Making Transitions Smoother for Children on the Autism Spectrum
Updated: Nov 11, 2019
If you are the parent of any child or a teacher you know how difficult it can be to get a child to make a transition from one task to another. Simple directions like:
“Come on, get your shoes on it’s time to go.”
“Time to get your materials out and start your work.”
may need to be repeated with emphasis before a child actually does what is being requested. This can create frustration for all involved.
With children on the Autism spectrum, transitions can be even more challenging. With autism, transitions may not only be an annoyance but may cause significant distress and anxiety.
Why are Transitions So Difficult for Kids with Autism?
Kids on the autism spectrum can become very intensely engaged in what they are doing or thinking about. This can be a great strength but can also make it difficult when the child is required to stop one task and move on to another. In addition, with autism, there are often challenges with the neuropsychological process know as the Executive Function. The Executive Function helps the brain to shift and reallocate attention and other brain resources when required.
5 Ways to Make Transitions Smoother for Kids with Autism
1) Give advance notice before a transition is going to occur.
Announcing that its time to switch gears without any notice can be quite distressful for a child on the spectrum. Advance notice helps the brain to get ready to shift to another task thereby relieving anxiety.
Special note on video games: Providing a time limit on video game playing often backfires. You can say "10 Minutes and it's time to get off" but when 10 minutes rolls around your child may be at a critical juncture in the game (about to achieve some type of reward or nearing the end of a game). Instead: agree on when the video game should go off based on the task of the game. For example, it may be more effective to say, "One more game and then it's time to get ready" or "When you get to the next point when you can save your progress then it's time to go"
2) Use visual supports such as visual timers or pictures of the upcoming task.
Time can be an abstract concept so it often helps to visually represent time. You can use a simple egg timer or there are a number higher tech visual timers such as visual clocks on phone apps. Sometimes just showing the child a picture of what's coming up next can help to relieve anxiety.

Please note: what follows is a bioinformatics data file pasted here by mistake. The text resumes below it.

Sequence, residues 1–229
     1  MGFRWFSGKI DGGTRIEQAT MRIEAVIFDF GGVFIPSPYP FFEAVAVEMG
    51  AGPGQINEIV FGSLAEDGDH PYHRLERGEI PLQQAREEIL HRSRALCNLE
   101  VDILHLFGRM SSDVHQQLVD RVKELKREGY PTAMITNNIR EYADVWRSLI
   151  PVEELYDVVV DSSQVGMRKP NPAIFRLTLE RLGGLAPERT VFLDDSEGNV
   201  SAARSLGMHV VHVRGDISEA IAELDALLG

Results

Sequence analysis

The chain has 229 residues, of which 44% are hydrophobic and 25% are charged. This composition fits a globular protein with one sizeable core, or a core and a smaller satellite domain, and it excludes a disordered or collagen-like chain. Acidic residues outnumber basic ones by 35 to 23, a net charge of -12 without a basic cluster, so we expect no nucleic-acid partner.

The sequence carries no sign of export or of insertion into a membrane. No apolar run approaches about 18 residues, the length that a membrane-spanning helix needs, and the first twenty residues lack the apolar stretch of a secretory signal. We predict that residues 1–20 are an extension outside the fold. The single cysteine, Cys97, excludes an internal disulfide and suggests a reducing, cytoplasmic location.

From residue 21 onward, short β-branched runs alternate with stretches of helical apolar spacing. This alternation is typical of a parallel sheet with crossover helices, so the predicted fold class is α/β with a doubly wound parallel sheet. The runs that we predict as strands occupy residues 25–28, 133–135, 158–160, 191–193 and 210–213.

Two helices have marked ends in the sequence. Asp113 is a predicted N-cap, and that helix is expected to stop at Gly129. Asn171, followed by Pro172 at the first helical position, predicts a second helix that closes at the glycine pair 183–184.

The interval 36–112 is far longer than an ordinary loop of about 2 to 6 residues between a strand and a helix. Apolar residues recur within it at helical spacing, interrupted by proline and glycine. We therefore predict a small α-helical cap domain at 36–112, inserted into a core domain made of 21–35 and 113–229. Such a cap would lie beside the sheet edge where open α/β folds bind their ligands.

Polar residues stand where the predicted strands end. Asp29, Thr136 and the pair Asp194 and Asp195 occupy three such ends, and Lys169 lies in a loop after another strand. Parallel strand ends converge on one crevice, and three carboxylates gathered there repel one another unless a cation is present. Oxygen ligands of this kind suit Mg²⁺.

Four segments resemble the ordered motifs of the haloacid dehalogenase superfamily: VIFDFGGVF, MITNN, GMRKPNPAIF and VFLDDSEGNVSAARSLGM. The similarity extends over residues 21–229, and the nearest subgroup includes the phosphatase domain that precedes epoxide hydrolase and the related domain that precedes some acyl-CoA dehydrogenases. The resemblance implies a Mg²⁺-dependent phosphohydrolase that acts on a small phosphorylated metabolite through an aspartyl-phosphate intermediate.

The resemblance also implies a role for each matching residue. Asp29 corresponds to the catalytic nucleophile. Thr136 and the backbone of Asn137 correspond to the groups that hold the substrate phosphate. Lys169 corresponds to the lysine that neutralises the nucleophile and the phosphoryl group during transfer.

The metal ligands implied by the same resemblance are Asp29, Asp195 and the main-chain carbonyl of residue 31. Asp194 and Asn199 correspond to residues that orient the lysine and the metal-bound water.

3) Use structure and consistency.
Keep materials for upcoming tasks in an easily identifiable and consistent place. And keep the general order of tasks consistent so that transitions become more automatic.
4) Use reduced language
Use a few keywords when asking a child to make a transition. Verbal overload will only increase anxiety and can make the transition take even longer to occur.
Example of too lengthy directive:
"Come on get your socks and shoes on because we are going over to Auntie Mary's for your cousin's birthday party and don't forget what happened last time when we were late and they started without us and we didn't get any cake"
Example of *Reduced language:
"Socks and shoes on"
*note you do not want to talk to your child or student like this all of the time-only when you need to get a point across clearly.
Reduced language clarifies expectations without providing the brain with information that is not immediately relevant to what needs to be done.
5) Provide light praise for good transitions
Gently point out when the child has made a good transition and briefly point out why that is a positive.
Example: "That was great that you got ready right away now you’ll have more time to spend doing what you like when we get back from the store".
Hope you find these tips useful. I've included a Printable Tip Sheet: